As far as a spouse is concerned I understood that an inheritance received after marriage is sole property and not community property. Is that correct?
A beneficiary may be a trustee. A trustee who's a beneficiary may not make distributions to himself/herself except for health, maintenance, support or education. For any other distributions, a co-trustee would be needed. We require a co-trustee for all distributions. The beneficiary may have the power to remove and replace his/her co-trustee (provided the replacement trustee isn't a close relative or subordinate employee).

The trustees may invest the trust assets however they want (subject to the prudent investor rule which requires that they invest prudently given the particular facts and circumstances).

Assuming the trust so permits, the trustees may make whatever distributions they think best from time to time.

Inheritances aren't subject to equitable distribution on divorce in about 3/4 of the states, but they are in about 1/4 of the states. People often commingle their assets so it may be hard to trace the inheritance. Of course, if the inheritance is in trust, it's protected in all states, though the trust's income and assets may be taken into account in determining how much alimony or child support the beneficiary will receive or will have to pay.

Inheritances aren't community property states, though in some but not all of the community property states the income from separate property is community property. In other community property states the income from separate property is separate property. Of course, if the inheritance is in trust, this issue won't arise.
Are you referring to a Discretionary Lifetime Trust? What would be the approximate annual cost of maintaining such a trust? What would happen to the trust and assets at the end of the beneficiary's life? In the case I am considering there is only one beneficiary. This would mean using a co-trustee at a trust company or something similar. Can the co-trustee veto the wishes of the adult beneficiary? If so what happens then?

In Equitable Distribution states my understanding is that separate property is always separate. Is that not the case? I do understand the difficulties of commingling assets and the need to keep the inherited assets separate and carefully documented.

Thank you for your contributions to the forum.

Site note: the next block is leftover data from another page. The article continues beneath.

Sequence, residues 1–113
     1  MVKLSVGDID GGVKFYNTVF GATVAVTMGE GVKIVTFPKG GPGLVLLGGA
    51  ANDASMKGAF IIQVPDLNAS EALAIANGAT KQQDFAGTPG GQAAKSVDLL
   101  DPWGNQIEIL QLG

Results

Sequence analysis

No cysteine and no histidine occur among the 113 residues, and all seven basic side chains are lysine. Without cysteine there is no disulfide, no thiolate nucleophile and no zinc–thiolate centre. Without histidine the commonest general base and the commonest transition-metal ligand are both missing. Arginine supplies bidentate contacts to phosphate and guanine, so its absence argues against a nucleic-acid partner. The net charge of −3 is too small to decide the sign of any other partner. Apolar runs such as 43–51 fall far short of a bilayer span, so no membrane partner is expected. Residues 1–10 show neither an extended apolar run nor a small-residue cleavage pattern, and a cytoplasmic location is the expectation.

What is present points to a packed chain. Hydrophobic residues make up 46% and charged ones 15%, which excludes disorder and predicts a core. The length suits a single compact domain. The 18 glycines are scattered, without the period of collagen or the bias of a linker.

bsteiner
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Re: Recent passed parent had Vanguard TOD and will. What now?

Post by bsteiner » Tue Feb 11, 2020 1:03 pm

palanzo wrote:
Tue Feb 11, 2020 12:06 pm
...
Are you referring to a Discretionary Lifetime Trust? What would be the approximate annual cost of maintaining such a trust? What would happen to the trust and assets at the end of the beneficiary's life? In the case I am considering there is only one beneficiary. This would mean using a co-trustee at a trust company or something similar. Can the co-trustee veto the wishes of the adult beneficiary? If so what happens then?
...
Yes, a discretionary trust.

Upon the beneficiary's death, assuming the beneficiary had a broad power of appointment (which would usually be the case unless there's a reason not to give a beneficiary this power in a given case), the balance would go however the beneficiary appoints in his/her Will. If the beneficiary doesn't exercise the power of appointment, the balance would go in accordance with the default provisions of the original testator's Will, most likely in further trust for the beneficiary's issue.

The co-trustee could be any individual or bank or trust company. A bank or trust company will charge about 1% a year. Close family members would probably not take compensation.

There would also be some cost to preparing the annual income tax returns for the trust. However, assuming the trustees invest in a small number of mutual funds, these returns wouldn't be very complicated.

The trustees would have an equal vote on things other than distributions to the beneficiary. The beneficiary could have the power to remove and replace the co-trustee (provided the replacement trustee isn't a close relative or subordinate employee).

palanzo
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Re: Recent passed parent had Vanguard TOD and will. What now?